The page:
WASHINGTON — A Soyuz spacecraft returning three people to Earth in April experienced a partial loss of pressure during the final stages of its descent, but did not put the crew’s lives in danger.

The incident, revealed during an Oct. 16 meeting of NASA’s International Space Station Advisory Committee, is one of a series of events that have raised questions about the reliability of Russian vehicles supporting the station.

During the committee meeting, chairman Thomas Stafford, a former astronaut, said the incident took place when the main parachute of the Soyuz spacecraft deployed about eight kilometers above the landing site in Kazakhstan. A buckle that is part of the parachute system struck the capsule.

“The buckle struck a welding seam and, as a result, there was a depressurizing event that resulted in some air escaping the capsule,” he said.

Stafford didn’t identify the specific mission where this took place, other than to say that it happened in April of this year. The only Soyuz spacecraft to return to Earth that month was Soyuz MS-02, which landed April 10. It carried NASA astronaut Shane Kimbrough and Roscosmos cosmonauts Sergey Ryzhikov and Andrey Borisenko, who spent nearly six months on the ISS.

NASA spokesman Gary Jordan confirmed Oct. 17 that the incident took place during the Soyuz MS-02 landing. He referred additional questions about it to the Russian state space corporation Roscosmos, which has not publicly discussed it to date.

http://spacenews.com/soyuz-capsule-suffered-partial-depressurization-during-april-landing/
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Aerospace / Re: SpaceX (general discussion)
« Last post by Flyaway on Today at 12:01:15 pm »
7
Aerospace / Re: Boeing accuses Bombardier of "dumpng" CSeries jets . . .
« Last post by Triton on Today at 11:09:59 am »
"Boeing outmaneuvered? Airbus takes Bombardier under its wing"
By Aaron Gregg / The Washington Post

Tuesday, October 17, 2017

Source:
https://www.heraldnet.com/business/bombardier-to-partner-with-airbus-on-c-series-program/

Quote
...In its published reactions to Airbus and Bombardier’s combination, Boeing sought to cast the deal as a blatant attempt to circumvent U.S. trade law.

“This looks like a questionable deal between two heavily state-subsidized competitors to skirt the recent findings of the U.S. government,” a Boeing spokesman said in a statement Monday. “Our position remains that everyone should play by the same rules for free and fair trade to work.”

In a Monday evening call with reporters, executives from Airbus and Bombardier insisted the deal was motivated by a strategic business considerations and not a desire to avoid the tariff. Still, they recognized the added benefit of potentially avoiding the import duty.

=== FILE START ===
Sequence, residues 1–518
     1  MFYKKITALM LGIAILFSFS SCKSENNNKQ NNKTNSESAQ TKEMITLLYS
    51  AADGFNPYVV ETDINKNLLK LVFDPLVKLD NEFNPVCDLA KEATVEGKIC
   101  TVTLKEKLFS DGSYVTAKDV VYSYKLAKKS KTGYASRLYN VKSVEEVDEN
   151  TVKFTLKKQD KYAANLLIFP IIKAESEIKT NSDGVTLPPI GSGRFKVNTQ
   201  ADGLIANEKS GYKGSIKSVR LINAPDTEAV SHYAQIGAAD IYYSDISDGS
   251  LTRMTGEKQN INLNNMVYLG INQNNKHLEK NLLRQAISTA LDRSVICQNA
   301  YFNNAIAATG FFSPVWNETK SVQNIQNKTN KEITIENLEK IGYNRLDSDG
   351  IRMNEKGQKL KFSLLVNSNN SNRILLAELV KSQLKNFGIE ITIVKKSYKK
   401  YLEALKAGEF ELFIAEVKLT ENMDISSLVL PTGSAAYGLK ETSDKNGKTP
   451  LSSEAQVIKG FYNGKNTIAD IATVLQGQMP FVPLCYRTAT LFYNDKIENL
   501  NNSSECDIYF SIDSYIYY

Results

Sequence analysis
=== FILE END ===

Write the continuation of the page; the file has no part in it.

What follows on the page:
“It’s not intended to circumvent anything, but the fact is that when you produce an aircraft in the U.S. it’s not subject to any U.S. import tariff rules,” Bombardier President Alain Bellemare said.

Trade experts question whether using an Alabama production facility would necessarily allow Airbus to waive the tariffs on the C Series plane. Much of the work of producing the plane comes down to assembly, with the actual components stretched across a global supply chain.
“There is a legal question of how much of the parts and components and value-added needs to actually happen in the U.S. for tariffs to no longer apply,” said Chad Bown, a senior fellow with the Peterson Institute for International Economics. “You can’t just fly an airplane to Alabama and say it’s made in America.”

But the combination could also give Bombardier new political clout in the United States, possibly making the import tax politically difficult for the White House. Airbus already operates a 53-acre facility in Mobile where it has produced the A320 narrow-body commercial jetliner since 2015 – the company’s first U.S. production facility.

As part of the announcement Monday Airbus said it will set up a second production center in Mobile, a move that could shift some of the plane’s future job creation potential from Quebec to the United States.

That could give the C Series another ally in Congress, where the tariff already faces resistance. In an October letter to the International Trade Commission a bipartisan group of four U.S. senators and three House members said they oppose the border tax.

“This destroys the trade complaint and guarantees the success of the C Series aircraft in the U.S.,” said Richard Aboulafia, an aerospace analyst with Teal Group.

Others said it is unlikely that Bombardier chose to embark on a combination purely because of the Commerce Department’s tariff decision.

“When a partner in a venture pays nothing to get on board it means you were in trouble to begin with,” said Loren Thompson, an aerospace consultant whose think-tank gets some funding from Boeing.
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Aerospace / Re: reason for mirage 2000 slat angle
« Last post by ScrutorAudax on Today at 08:32:54 am »
I know this is a bit late, but I suspect it is due to the local angle of attack.  The differential spanwise slat actuation itself doesn't appear to be for vortex control, as the difference in deflection is very small and there are no visible vortices that would be affected by this method of slat control.  It seems more likely that this is a product of the flow conditions (large vortical flow at the wings resulting in downwash at the root of the wing and upwash at the tip) of the delta wing planform.

This is what I can infer from the picture you provided; I hope it helps.
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Aerospace / Re: IAI Lavi
« Last post by Motocar on Today at 07:53:55 am »
Cutaway IAI Lavi retouched by Motocar